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French Polynesia - Polynésie française
French Polynesia is a French overseas "country" (French: pays d'outre-mer, or POM) in the southern Pacific Ocean. It is made up of several groups of Polynesian islands, the most famous island being Tahiti in the Society Islands group, which is also the most populous island, and the seat of the capital of the territory (Papeete).
Between 1946 and 2003, French Polynesia had the status of an overseas territory (French: territoire d'outre-mer, or TOM). In 2003 and beginning of 2004 it was briefly an overseas collectivity (French: collectivitй d'outre-mer, or COM). The new status of overseas "country" gives a large autonomy to the territory, while remaining part of the French Republic.
France annexed various Polynesian island groups during the 19th century.
French Polynesia is located in an area of high seismic activity. In September 1995, France stirred up widespread protests by resuming nuclear testing on the Mururoa atoll after a three-year moratorium. The tests were suspended in January 1996, as France acceded the Comprehensive Test Ban Treaty.
The islands of French Polynesia have a total land area of 4,167 kmІ (1,622 sq. miles) scattered over 2,500,000 kmІ (965,255 sq. miles) of ocean.
The legal tender currency of French Polynesia is the CFP franc; many merchants have been reported to accept other currencies very readily, but many tourists have been disappointed and inconvenienced on assuming they can use US dollars, etc. Few merchants actually wish to bother to calculate the current exchange rate and then make the foreign exchange at a bank.
Total population at the 2002 census was 245,405 inhabitants, 83 % of whom are Polynesian, 12 % Caucasian, and 5 % Eastern Asian. In 2002, 69 % of the population of French Polynesia lived in the island of Tahiti alone. The urban area of Papeete, the capital city, has 127,635 inhabitants (2002 census).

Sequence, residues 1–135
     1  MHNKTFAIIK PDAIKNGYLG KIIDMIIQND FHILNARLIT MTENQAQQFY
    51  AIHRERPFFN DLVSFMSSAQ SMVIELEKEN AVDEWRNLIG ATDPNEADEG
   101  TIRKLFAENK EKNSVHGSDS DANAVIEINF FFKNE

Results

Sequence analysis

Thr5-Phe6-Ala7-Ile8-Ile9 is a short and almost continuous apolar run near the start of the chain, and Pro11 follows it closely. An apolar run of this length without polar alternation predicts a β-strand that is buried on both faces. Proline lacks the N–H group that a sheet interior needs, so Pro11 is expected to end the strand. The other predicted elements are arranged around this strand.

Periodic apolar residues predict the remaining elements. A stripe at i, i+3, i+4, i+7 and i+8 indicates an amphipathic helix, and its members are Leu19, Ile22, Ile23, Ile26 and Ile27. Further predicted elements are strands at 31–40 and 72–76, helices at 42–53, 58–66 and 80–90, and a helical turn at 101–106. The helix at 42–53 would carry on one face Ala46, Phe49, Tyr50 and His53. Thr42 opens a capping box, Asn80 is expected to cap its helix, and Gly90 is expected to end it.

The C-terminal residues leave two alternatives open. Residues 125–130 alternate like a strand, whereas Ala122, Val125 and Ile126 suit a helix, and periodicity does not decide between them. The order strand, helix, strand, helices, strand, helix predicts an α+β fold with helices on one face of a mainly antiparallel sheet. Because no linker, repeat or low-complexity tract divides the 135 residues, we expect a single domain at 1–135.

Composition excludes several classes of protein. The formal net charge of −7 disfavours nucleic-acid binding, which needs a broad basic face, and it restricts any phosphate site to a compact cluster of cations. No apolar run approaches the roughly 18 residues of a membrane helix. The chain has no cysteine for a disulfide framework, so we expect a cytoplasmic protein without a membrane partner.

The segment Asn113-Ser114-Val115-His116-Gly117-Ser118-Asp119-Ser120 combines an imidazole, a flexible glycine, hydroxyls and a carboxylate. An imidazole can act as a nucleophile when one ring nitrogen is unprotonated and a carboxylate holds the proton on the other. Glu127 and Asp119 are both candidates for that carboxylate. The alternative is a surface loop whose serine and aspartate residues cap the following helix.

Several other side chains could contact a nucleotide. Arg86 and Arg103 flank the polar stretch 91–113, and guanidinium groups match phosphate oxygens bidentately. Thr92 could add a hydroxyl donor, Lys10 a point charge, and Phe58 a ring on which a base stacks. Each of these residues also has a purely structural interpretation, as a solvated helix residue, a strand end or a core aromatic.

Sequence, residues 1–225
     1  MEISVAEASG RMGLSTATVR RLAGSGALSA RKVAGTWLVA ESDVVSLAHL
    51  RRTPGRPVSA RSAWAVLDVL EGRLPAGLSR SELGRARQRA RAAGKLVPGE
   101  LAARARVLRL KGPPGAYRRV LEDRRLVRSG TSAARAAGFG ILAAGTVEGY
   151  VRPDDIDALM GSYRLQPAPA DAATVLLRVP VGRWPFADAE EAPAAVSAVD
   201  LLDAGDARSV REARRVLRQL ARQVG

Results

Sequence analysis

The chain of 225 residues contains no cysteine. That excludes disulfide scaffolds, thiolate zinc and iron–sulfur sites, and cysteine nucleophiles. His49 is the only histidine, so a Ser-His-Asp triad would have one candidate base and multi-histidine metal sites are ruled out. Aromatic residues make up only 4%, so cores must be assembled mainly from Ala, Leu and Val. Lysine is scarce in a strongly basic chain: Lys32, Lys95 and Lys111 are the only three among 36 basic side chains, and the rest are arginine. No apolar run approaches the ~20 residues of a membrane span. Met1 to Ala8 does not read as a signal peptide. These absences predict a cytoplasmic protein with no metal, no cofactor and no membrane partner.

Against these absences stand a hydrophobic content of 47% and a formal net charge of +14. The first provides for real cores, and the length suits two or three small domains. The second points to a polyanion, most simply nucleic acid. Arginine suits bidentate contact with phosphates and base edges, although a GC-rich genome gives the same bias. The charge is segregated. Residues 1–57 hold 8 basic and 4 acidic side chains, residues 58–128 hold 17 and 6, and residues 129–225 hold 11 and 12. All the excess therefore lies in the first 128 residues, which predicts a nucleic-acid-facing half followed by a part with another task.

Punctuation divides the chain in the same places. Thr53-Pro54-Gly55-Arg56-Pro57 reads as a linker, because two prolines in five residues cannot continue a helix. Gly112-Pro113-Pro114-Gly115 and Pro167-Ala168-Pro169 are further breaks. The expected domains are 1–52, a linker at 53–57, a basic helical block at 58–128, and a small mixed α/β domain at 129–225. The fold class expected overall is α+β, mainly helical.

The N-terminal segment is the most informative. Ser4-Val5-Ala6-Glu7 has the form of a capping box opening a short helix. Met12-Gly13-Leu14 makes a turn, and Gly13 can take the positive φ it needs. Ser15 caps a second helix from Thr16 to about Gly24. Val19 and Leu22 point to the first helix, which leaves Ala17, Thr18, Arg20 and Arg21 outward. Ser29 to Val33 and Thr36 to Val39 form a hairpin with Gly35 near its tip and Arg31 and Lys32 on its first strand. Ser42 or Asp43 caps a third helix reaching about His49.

While most major roads are paved and well-maintained, many secondary roads are not. Traffic is brisk and all types of vehicles and pedestrians jockey for space on narrow streets. Crosswalks are marked and the law requires that motor vehicles stop for pedestrians; however, this is not always done. Tourists should exercise caution when driving, particularly at night.
Education is also provided by France. French Polynesia has a University, the Universitй de la Polynйsie Franзaise (UPF, "University of French Polynesia"), located in Faa'a, Tahiti. It is a small university counting around 2,000 students. Luise Peltzer, former minister of culture of French Polynesia has been elected president of the University for 5 years. There are about 60 researchers at the university, including physicists Pascal Ortega (lightning studies) and Alessio Guarino (nonlinear physics). In the Human Sciences department, sociologist Laura Schuft deserves to be mentioned for her study on the integration of mainland French workers in Tahiti.
French Polynesia has one of the lowest crime rates within France and its territories. However, petty crime, such as pickpocketing and purse snatching, occurs.
Medical treatment is generally good on the major islands, but is limited in areas that are more remote or less populated. Patients with emergencies or with serious illnesses are often referred to facilities on Tahiti for treatment. In Papeete, the capital of Tahiti, two major hospitals as well as several private clinics provide 24-hour medical service. Serious medical problems requiring hospitalization or medical evacuation can cost thousands of dollars. Doctors and hospitals often expect immediate cash payment for health services.
As an overseas territory of France, defence and law-enforcement are provided by the French Forces (Army, Navy, Air Force) and Gendarmerie.
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